Vanis Kvabebi

Vanis Kvabebi (also called the Vani Caves) is an ancient cave monastery, located in the Vardzia Historical-Architectural Museum-Reserve in the Samtskhe-Javakheti region of the Lesser Caucasus in present-day Georgia.

The monastery is carved into the volcanic steep slopes of the Mtkvari River gorge in a V‐shaped ravine, bounded by subvertical cliffs up to 200 metres in height.

- Advertisement -

Occupation of the site dates from the 8th century AD, with up to 200 rock-cut caves over 19 levels, that over the centuries has resulted in a maze of honeycomb tunnels, cells, anterooms, storage chambers and churches.

The monastery complex was damaged in 1080 by a major earthquake in the region, but a local patron by the name of Ichkit Gurgenisdze (who is also attributed with the construction of Tsunda church near Tmogvi fortress) conducted a series of restoration works.

shutterstock 1660704376
Image Credit : Brester Irina

In 1204, the Mtsignobartukhutsesi-Chkondideli (the head of notaries) commissioned a limestone barrier to the monastery that forms an enclosed inner courtyard and two places of worship, one chapel near the top of the barrier and a small domed church that clings to the rock in the highest level of tunnels.

Around this time the monastery came under the supervision of the sovereigns of Javakheti – the Tmogveli, who established a set of rules called the ‘Vani Cave Providence’.

- Advertisement -

By 1283, another earthquake struck the region causing further damage, but it was an assault by the Ottomans in 1576 that resulted in the monastery being completely abandoned.

Header Image Credit : Alex Marakhovets

- Advertisement -
Mark Milligan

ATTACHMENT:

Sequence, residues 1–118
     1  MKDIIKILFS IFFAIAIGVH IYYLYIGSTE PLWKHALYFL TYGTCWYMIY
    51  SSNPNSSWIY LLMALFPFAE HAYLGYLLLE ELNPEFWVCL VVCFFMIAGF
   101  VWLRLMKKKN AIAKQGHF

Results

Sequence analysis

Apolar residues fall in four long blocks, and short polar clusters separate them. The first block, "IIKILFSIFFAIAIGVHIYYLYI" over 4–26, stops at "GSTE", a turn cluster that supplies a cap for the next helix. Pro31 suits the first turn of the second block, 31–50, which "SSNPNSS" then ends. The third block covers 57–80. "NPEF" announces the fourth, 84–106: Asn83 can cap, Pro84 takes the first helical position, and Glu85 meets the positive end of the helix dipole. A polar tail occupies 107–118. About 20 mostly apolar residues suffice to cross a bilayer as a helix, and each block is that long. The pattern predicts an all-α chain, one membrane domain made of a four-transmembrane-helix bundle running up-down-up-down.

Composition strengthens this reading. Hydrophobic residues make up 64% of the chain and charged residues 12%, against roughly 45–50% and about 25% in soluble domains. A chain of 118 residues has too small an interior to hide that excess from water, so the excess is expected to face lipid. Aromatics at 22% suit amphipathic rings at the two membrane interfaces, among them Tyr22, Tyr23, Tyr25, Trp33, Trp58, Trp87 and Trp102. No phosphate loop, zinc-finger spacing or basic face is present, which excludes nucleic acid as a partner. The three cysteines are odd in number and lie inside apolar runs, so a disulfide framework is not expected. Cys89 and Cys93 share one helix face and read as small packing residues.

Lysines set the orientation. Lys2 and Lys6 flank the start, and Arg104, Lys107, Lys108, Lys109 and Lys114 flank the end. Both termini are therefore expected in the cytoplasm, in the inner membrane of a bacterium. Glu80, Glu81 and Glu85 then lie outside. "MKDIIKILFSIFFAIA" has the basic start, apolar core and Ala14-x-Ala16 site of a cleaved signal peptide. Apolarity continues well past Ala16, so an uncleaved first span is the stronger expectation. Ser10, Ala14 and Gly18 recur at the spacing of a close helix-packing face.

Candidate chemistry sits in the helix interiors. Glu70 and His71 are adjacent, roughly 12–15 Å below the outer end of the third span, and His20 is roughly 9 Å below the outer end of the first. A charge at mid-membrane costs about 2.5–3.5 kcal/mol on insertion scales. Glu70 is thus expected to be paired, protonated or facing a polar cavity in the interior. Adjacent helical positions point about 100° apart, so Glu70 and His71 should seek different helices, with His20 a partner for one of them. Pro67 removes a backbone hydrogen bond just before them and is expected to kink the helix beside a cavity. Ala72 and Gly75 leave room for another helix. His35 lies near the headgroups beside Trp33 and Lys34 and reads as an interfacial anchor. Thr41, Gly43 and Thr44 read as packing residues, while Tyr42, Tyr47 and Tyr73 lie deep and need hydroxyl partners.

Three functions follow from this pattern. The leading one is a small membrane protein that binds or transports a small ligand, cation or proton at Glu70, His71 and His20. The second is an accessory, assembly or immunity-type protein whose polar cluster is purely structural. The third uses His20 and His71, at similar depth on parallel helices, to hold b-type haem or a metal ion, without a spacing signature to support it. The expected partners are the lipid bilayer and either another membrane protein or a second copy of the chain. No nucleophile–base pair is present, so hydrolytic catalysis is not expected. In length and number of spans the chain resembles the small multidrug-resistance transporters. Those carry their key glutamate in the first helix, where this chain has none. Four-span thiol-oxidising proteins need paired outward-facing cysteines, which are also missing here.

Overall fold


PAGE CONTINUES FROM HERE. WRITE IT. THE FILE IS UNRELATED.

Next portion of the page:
Mark Milligan
Mark Milligan is multi-award-winning journalist and the Managing Editor at HeritageDaily. His background is in archaeology and computer science, having written over 8,000 articles across several online publications. Mark is a member of the Association of British Science Writers (ABSW), the World Federation of Science Journalists, and in 2023 was the recipient of the British Citizen Award for Education, the BCA Medal of Honour, and the UK Prime Minister's Points of Light Award.

Mobile Application


Related Articles

Viking arrowhead found frozen in ice

Archaeologists from the “Secrets of the Ice” project have discovered a Viking Era arrowhead during a survey of an ice site in the Jotunheimen Mountains.

Underwater archaeologists find 112 glassware objects off Bulgaria’s coast

A team of underwater archaeologists from the Regional Historical Museum Burgas have recovered 112 glass objects from Chengene Skele Bay, near Burgas, Bulgaria.

Bronze Age axe found off Norway’s east coast

Archaeologists from the Norwegian Maritime Museum have discovered a Bronze Age axe off the coast of Arendal in the Skagerrak strait.

Traces of Bahrain’s lost Christian community found in Samahij

Archaeologists from the University of Exeter, in collaboration with the Bahrain Authority for Culture and Antiquities, have discovered the first physical evidence of a long-lost Christian community in Samahij, Bahrain.

Archaeologists uncover preserved wooden elements from Neolithic settlement

Archaeologists have discovered wooden architectural elements at the La Draga Neolithic settlement.

Pyramid of the Moon marked astronomical orientation axis of Teōtīhuacān

Teōtīhuacān, loosely translated as "birthplace of the gods," is an ancient Mesoamerican city situated in the Teotihuacan Valley, Mexico.

Anglo-Saxon cemetery discovered in Malmesbury

Archaeologists have discovered an Anglo-Saxon cemetery in the grounds of the Old Bell Hotel in Malmesbury, England.

Musket balls from “Concord Fight” found in Massachusetts

Archaeologists have unearthed five musket balls fired during the opening battle of the Revolutionary War at Minute Man National Historical Park in Concord, United States.